I guess it’s just that many of us still look to the US as a beacon of hope.

    let it be a lesson:

    You want a beacon? don’t let somebody else hold your lamp for you.

    Chimpy is just the latest in a long string of idiots who don’t know what they’re doing but want the job anyway.

    the sad thing isn’t that there is no hope, it’s that the damage these idiots do while they have the power to do so is often irreversible.

    However principles of freedom simply can’t be corrupted, only abused and hidden for a time.

    make your own beacon; let your principles be your own beacon, don’t rely on an individual or a government to be a symbol of hope. They are inherently unreliable and easily corrupted.

  5. #5 Ichthyic
    August 20, 2006

    It is more complicated than that. Even if they do, it can be impossible to get elected.

    …and yet I seriously doubt you are arguing against stacking the odds. You aren’t, are you?

    No, it’s really not that complicated. Yes, there will be losses and gains, and some of that will be random, some not, but if more and more truly qualified people step up, the odds favor improvement.

  6. #6 Ichthyic
    August 20, 2006

    Wow… I couldn’t imagine something like this happening in the USA

    again, this is NOT that uncommmon. worse happened during the protests in the 60’s, and similar things happen on a regular basis every year.

    Did you guys forget about the whole Rodney King incident over there?

    it sure souns like there are simply a lot of illusions about the US that exist that are simply being dispelled because of better media access and the internet.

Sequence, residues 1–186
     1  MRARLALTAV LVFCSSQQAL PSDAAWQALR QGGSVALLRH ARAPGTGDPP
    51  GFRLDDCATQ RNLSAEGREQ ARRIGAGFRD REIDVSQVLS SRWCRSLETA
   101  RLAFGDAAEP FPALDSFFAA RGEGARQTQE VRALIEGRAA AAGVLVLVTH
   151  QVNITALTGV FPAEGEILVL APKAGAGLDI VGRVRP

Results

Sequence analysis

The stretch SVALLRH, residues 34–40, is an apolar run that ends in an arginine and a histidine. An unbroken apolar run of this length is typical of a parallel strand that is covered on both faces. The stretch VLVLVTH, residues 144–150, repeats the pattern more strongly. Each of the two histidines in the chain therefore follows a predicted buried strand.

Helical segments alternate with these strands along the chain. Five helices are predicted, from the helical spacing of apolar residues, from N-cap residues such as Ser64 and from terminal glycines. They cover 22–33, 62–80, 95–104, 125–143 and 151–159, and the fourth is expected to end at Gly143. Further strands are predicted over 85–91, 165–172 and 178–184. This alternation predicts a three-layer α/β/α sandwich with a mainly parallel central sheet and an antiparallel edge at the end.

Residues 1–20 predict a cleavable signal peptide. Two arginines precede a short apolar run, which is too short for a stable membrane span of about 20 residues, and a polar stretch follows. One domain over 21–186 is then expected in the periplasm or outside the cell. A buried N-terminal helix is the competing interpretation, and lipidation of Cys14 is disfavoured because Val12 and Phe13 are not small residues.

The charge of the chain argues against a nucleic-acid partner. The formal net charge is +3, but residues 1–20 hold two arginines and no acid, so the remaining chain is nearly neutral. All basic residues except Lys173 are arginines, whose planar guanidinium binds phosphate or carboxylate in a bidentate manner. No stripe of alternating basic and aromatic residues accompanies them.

such is life.

  7. #7 Ichthyic
    August 20, 2006

    How threatening can a middle-aged woman in a red suit BE for fuck’s sake?

    I’m not sure… does Coulter ever wear red suits?

    talk about an excuse for peppering somebody with rubber bullets…

  8. #8 KiwiInOz
    August 21, 2006

    Hey there Ichthyic,

    I was going to say that the NZ cops aren’t too bad (at least they don’t carry weapons as a matter of course), but then I remembered the Red Squad in action during the 80’s protests against apartheid in South Africa (and the against the Springboks coming to play the All Blacks).

    Scratch a uniform wearer with authority and you’ll find either someone with fascist tendancies or someone trying to do good against the machine.

    You are right about holding one’s own moral beacon/compass, however the good ole US does have a tendancy to promote itself as the judge, jury and executioner of morality, democracy, and good taste in movies (think Snakes on a plane!).

  9. #9 Ichthyic
    August 21, 2006

    think Snakes on a Plane???


    there, i just thought of it.

    now i have to scrub my brain with copious amounts of alcohol.

    happy now?


    as to the US…

    moral beacons are fickle things. How the US advertises itself entirely changes depending on who’s the acting CEO.

    Didn’t you get the last company memo?